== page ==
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Digital Subscriptions > Prospect Magazine > October 2017 > Death of an American myth

Death of an American myth

For good and ill, the US has always believed that it is an exceptional nation. Not any more

Every nation congratulates itself on something—its art, its food, its history, its magnificent landscapes, its strong men, its beautiful women, even its sense of irony. Here in the United States, we have always been convinced that God likes us best. Our prosperity, our technology, our military might, are not by-products of our natural resources, or of the two oceans shielding the country from invasion, but evidence of divine favour. America is the golden land where a poor boy can dream big, work hard, buy himself a pair of bootstraps, and then haul himself up by them.

America isn’t just lucky, America is exceptional. We are convinced— a conviction that is often dangerous—that we are special. Even chosen. A nation founded on Enlightenment principles of liberty and equality. As such, in most of its renderings, exceptionalism implies generosity, too: the US is charged with the responsibility of sharing its exceptional fortune. America is the “Mother of Exiles”—raising her beacon to light the way for the tired, poor, huddled masses yearning to be free. Paraphrasing the Apostle Luke (we have often told our story in paraphrased scripture) President John F Kennedy put it thus: “For of those to whom much is given, much is required.”

That’s the theory. But with Donald Trump in the White House, American exceptionalism is disintegrating. The US finds itself struggling with its place in the world—and its sense of self. Trump’s America isn’t the open, confident country of the imagination, but a scared place, victimised by other countries that have abused its goodwill and ripped it off. While every American president looks away from the oppression in useful autocracies, such as Saudi Arabia, Trump appoints to his cabinet men who openly embrace their dictatorial ways. “There was not a single hint of a protester anywhere there during the whole time we were there,” marvelled Secretary of Commerce Wilbur Ross, visiting the Kingdom with his boss. “Not one guy with a bad placard.”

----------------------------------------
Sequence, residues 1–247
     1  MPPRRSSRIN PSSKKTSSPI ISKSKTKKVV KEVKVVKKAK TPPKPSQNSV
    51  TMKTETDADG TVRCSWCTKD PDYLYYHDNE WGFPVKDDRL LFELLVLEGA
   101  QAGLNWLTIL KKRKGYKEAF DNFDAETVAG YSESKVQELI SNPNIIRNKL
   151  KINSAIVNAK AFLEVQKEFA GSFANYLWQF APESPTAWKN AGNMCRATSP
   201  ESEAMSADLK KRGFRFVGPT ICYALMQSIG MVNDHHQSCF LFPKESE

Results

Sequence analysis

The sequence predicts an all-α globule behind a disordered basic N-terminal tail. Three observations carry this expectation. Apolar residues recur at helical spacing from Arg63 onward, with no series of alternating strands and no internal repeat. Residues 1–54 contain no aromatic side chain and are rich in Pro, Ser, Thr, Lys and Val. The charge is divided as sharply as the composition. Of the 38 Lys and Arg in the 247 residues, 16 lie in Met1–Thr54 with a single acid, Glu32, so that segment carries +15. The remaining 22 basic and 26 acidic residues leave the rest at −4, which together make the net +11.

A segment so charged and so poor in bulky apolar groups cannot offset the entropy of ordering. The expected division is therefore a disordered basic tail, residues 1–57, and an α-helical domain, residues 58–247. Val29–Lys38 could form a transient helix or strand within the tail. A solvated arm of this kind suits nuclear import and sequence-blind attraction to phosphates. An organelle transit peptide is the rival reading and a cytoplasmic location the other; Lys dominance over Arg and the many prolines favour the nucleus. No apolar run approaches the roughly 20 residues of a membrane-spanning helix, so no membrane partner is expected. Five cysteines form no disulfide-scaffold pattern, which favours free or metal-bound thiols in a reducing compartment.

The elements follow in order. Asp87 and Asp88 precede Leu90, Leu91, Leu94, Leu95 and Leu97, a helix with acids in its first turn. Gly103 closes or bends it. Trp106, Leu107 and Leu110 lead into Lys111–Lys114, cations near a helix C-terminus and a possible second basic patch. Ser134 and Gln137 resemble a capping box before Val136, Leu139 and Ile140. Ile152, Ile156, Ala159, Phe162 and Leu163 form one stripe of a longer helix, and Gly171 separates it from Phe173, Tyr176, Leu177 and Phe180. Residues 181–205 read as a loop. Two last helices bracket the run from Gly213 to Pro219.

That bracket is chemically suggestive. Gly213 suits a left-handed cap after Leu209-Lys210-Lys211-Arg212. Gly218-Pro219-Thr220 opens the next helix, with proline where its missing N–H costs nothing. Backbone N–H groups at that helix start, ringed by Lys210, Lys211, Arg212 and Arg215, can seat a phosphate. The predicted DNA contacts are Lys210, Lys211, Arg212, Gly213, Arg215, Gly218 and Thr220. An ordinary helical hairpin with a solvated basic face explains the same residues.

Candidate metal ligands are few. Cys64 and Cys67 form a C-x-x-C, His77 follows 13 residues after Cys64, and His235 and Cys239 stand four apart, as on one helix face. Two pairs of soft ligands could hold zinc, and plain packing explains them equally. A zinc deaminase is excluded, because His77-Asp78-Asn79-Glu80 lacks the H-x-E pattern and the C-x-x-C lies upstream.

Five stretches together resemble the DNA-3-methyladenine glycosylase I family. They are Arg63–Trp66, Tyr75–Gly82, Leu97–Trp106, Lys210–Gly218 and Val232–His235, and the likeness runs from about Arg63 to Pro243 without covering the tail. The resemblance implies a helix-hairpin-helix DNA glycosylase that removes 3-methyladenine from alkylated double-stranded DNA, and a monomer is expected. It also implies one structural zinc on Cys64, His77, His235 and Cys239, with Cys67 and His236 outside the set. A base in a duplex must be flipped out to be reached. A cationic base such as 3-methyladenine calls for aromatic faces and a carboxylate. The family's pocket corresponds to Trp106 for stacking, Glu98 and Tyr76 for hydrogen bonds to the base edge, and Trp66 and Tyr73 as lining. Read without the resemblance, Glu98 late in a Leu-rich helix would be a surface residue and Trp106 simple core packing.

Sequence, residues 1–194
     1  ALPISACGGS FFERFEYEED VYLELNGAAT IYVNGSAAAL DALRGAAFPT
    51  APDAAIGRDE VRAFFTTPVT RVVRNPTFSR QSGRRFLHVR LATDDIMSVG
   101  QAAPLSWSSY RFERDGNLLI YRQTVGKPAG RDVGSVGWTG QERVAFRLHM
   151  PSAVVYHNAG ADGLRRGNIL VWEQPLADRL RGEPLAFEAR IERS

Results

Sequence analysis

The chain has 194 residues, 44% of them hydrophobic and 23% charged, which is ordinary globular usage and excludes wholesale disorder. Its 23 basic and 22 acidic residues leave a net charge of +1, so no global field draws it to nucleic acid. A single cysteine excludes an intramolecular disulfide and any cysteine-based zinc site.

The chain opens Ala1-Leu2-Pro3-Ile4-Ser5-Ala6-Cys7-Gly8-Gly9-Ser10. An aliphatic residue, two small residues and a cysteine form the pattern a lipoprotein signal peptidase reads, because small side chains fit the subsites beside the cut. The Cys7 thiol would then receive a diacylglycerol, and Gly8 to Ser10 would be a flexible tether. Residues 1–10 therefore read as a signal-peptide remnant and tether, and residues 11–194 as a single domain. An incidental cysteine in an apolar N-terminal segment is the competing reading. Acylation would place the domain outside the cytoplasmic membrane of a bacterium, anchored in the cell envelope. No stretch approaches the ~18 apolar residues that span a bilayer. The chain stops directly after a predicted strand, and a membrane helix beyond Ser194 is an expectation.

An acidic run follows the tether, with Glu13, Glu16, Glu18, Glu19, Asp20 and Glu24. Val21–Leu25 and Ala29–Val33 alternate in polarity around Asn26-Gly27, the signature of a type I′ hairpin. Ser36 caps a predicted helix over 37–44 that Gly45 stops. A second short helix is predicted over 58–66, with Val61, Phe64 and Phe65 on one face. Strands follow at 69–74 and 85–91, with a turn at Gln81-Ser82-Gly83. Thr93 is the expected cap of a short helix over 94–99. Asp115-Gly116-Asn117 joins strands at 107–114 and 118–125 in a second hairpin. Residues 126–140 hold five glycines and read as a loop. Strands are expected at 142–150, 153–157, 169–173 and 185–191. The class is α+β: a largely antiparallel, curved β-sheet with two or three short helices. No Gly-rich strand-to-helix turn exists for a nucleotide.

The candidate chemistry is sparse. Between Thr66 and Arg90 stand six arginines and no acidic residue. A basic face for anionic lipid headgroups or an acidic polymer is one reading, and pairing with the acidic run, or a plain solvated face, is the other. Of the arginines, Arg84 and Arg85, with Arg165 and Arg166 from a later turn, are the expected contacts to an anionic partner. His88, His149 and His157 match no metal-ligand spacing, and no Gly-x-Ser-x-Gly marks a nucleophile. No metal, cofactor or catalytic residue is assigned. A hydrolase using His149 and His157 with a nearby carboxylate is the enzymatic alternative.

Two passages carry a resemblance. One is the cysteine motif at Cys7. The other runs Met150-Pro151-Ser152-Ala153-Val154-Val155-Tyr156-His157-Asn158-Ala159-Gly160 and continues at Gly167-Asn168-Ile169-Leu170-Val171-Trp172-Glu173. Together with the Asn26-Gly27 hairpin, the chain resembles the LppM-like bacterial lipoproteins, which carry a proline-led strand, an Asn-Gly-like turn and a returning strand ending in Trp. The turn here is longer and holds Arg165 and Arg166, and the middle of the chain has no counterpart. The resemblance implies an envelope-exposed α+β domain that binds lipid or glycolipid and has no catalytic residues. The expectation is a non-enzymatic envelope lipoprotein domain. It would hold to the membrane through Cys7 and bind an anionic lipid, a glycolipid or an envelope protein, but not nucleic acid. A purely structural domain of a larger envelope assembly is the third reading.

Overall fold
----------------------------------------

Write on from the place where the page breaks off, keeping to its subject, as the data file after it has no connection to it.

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In Prospect’s October issue: Andrew Adonis, Steve Richards, Gaby Hinsliff, Rachel Sylvester and Jennifer Williams look at the idea that leadership is the only thing that matters when it comes to elections. Adonis leads the cover package arguing exactly that point and outlining his ratings of the leaders who have competed every election in the UK and the United States since 1944—Richards offers a rebuttal. Hinsliff, Sylvester and Williams profile three potential leaders in waiting—Amber Rudd, Jo Swinson and Angela Rayner. Elsewhere in the issue we map out the potential road the UK might travel down to stay in the European Union and explore the relationship between UN Secretary General António Guterres and Donald Trump as the two prepare to meet at the UN. Also in this issue: Philip Collins on the similarities between Britain’s Brexiteers and the Gaullists of yesteryear, John Bercow explains how parliament could function better and our “View from” comes from Nairobi, where the recent election result has been annulled.
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